Saved by the Arlington County Fire Department

By Bob Hagemann

After 18 months of delays, supply chain disruptions, and ostensible labor supply shortages, we’re back home. The paintings and pictures have been hung, salvageable furniture has been restored, and most crucial lost items replaced. Yes, we’re back in our home that was saved by the Arlington County Fire Department (ACFD), for which we are eternally grateful. 

On July 6, 2021, our home in Lyon Park caught fire. The first sign of fire was at 8:02 p.m., right below the back door stoop, in the hardwood mulch. By 8:10, flames had reached the soffit. We frantically grabbed wallet, purse, and car keys, and ran shoeless to the garage to move our cars to the street. We could already hear the sirens, thanks to neighbors Ron and Kate’s instinctive 911 calls. By 8:15, ACFD was onsite to fight the flames and contain the conflagration. Because of the extreme, dry heat that day, a light but steady breeze, and the proximity of residences in the neighborhood, contingency planning warranted a large response. And boy did the ACFD come prepared! There were 5–6 engines and around 70 personnel engaged in the effort, including a “command” vehicle from which an officer coordinated the battle and monitored progress with walkie-talkie and a large whiteboard. In addition, well over a dozen vehicles were stationed on N. Fillmore Street, ready to swing into action in the worst of circumstances should the flames spread to adjacent homes. 

Several dozen curious and compassionate neighbors gathered to witness the event. Their sympathy was not only for our prospective plight of losing our home, but also for the brave firefighters struggling to contain a potentially explosive situation. Many neighbors sprang right into action, some distributing water, and others even burgers, to the firefighters. The combination of very dense smoke under the eaves and in the top floor loft, the high and rising inside temperature, and the flow of oxygen posed a serious risk of spontaneous combustion, and therefore a possibility of injury (or worse) to the firefighters in the house. Luckily, there were only 2 minor injuries among the firefighters: dislocated shoulders, I think. Our triangular 4–level house, situated on a knoll at the corner of two descending streets, posed special challenges to the firemen. Fortunately, the well-equipped department was able to reach the roof and pierce a hole to enable them to flood the house. By 12:30 a.m., the final spark and other threats had been eliminated, and the house was “secured,” pending the start of urgent remediation services 7–8 hours later.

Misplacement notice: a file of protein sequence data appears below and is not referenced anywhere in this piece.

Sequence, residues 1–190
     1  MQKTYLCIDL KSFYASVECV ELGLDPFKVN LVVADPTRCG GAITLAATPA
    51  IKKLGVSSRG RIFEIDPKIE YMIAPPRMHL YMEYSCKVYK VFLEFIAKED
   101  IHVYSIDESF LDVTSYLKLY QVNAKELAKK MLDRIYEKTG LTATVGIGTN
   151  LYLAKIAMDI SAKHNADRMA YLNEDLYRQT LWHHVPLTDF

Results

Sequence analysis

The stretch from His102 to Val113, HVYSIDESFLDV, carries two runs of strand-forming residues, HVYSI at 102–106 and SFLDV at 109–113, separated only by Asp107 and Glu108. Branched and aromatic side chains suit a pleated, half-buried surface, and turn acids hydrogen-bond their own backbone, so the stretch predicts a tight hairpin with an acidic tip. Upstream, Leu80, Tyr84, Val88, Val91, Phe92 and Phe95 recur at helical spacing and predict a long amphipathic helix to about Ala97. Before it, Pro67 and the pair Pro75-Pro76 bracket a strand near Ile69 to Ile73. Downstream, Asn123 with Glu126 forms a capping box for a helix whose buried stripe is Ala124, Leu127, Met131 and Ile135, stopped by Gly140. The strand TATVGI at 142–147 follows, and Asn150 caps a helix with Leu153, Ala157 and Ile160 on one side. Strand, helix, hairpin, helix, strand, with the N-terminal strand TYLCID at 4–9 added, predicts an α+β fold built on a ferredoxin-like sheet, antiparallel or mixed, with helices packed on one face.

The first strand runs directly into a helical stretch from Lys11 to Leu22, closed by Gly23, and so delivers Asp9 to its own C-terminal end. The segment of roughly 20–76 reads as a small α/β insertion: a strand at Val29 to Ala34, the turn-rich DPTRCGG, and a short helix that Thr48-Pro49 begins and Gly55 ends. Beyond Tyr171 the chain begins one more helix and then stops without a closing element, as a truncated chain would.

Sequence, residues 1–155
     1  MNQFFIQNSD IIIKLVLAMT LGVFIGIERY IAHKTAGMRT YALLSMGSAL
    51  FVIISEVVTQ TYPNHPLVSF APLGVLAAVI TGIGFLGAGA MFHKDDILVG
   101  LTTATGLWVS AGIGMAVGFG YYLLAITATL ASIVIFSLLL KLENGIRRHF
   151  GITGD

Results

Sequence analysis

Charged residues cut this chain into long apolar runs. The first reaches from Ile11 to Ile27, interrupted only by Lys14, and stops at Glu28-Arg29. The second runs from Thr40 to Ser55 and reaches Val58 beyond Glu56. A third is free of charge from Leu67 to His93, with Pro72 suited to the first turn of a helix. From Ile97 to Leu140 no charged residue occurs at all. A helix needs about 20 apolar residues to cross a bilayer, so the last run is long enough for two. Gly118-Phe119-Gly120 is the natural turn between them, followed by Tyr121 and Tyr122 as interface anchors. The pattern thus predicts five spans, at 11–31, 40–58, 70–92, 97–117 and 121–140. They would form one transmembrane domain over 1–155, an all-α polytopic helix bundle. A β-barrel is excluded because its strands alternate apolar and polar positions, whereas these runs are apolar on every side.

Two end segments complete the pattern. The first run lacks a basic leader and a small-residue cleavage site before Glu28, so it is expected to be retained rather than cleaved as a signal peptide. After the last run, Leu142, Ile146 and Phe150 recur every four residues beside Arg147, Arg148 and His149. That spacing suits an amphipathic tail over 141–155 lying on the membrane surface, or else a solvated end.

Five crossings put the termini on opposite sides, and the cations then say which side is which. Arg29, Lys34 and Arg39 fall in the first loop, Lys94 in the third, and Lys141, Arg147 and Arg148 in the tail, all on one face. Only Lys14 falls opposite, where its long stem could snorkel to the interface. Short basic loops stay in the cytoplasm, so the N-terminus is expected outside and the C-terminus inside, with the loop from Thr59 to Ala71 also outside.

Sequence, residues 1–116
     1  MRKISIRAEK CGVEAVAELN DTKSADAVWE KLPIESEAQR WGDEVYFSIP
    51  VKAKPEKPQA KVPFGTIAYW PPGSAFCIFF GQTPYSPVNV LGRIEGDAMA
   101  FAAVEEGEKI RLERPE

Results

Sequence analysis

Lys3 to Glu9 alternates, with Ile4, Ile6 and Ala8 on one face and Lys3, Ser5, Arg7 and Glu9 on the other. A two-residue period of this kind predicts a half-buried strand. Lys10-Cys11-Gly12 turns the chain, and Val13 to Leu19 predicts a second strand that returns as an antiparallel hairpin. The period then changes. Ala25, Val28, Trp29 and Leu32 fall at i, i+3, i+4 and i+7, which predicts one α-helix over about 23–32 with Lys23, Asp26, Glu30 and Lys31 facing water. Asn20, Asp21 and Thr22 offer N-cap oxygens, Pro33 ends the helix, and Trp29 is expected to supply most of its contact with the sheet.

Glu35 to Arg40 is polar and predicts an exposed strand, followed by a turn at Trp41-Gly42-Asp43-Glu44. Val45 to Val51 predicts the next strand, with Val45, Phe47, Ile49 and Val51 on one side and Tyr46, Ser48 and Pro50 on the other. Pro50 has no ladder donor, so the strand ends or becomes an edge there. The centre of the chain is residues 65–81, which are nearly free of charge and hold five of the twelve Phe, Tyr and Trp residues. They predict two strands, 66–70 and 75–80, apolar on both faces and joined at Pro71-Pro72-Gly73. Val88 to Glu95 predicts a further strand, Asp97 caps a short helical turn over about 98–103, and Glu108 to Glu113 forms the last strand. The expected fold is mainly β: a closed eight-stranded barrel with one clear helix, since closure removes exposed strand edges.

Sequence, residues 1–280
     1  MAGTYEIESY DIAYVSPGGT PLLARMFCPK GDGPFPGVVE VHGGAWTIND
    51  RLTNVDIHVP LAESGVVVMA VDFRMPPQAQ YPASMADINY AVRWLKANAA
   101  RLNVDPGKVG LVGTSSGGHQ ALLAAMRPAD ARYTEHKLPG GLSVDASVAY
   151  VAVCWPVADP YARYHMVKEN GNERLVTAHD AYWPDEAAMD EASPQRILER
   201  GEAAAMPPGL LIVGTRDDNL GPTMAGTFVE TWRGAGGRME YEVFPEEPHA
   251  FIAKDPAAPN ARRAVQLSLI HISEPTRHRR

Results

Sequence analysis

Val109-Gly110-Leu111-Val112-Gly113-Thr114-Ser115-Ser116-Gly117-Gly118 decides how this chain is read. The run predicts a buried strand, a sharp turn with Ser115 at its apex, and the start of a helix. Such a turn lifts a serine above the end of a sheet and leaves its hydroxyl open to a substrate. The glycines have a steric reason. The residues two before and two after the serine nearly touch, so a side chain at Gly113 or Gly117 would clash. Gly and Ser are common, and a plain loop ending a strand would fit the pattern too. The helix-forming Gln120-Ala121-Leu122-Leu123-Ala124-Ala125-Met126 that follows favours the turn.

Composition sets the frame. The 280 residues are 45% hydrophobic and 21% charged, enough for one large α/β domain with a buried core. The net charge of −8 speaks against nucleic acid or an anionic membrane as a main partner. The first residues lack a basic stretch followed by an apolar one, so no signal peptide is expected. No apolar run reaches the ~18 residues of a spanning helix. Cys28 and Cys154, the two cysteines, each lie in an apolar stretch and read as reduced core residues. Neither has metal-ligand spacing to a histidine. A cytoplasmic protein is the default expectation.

We were amazed not only by ACFD’s mastery of firefighting, but also its sensitivity to our own worries and emotional state. It’s hard to describe the emotions and thoughts that overwhelm you watching your home going up in flames. At one point early in the battle, one of the firemen asked if there was anything important that we needed urgently from the house. Yes! A cell phone had been left behind. Despite the risks, he immediately entered the home to search for the phone. Although he was unable to find it, he did not emerge empty-handed; he returned with our laptop computer, a pair of reading glasses, and a pill box. To boot, the Fire Marshall dropped by the next day to confirm everything was ok.

How did the fire start? We may never know for sure; the department’s assessment is neither made public nor released to us. There was hardwood mulch under the stoop, and it can apparently combust spontaneously. I wish I could say I hadn’t charcoal grilled that day, but I had. By 1:45 p.m., my brief cookout was finished, and I closed the grill. At 5 p.m. or so, the grill totally cold to the touch, I moved it a few feet away for storage. A bit more than six hours after grilling, the glow of flames appeared under the stoop, as captured by our security camera.

Some forms of education are costly, not only in dollar terms; this fire was instructional. Beds of hardwood mulch abutting one’s home should be avoided, or at a minimum warrant extra precaution. Having a security camera, even an inexpensive one, can be a very helpful forensic device. Flame-retardant siding is evidently well worth the extra expense. Of course, having adequate insurance is essential.

We remain in awe of ACFD’s response. We should all be grateful for their bravery and expertise. We are also extremely grateful to live among such wonderful Lyon Parkers. And we are of course thankful to neighbor Deb for letting us crash in her home at nearly 3 o’clock in the morning once all the activity on the street had quieted.

Oh! And by the way, we now have a gas grill!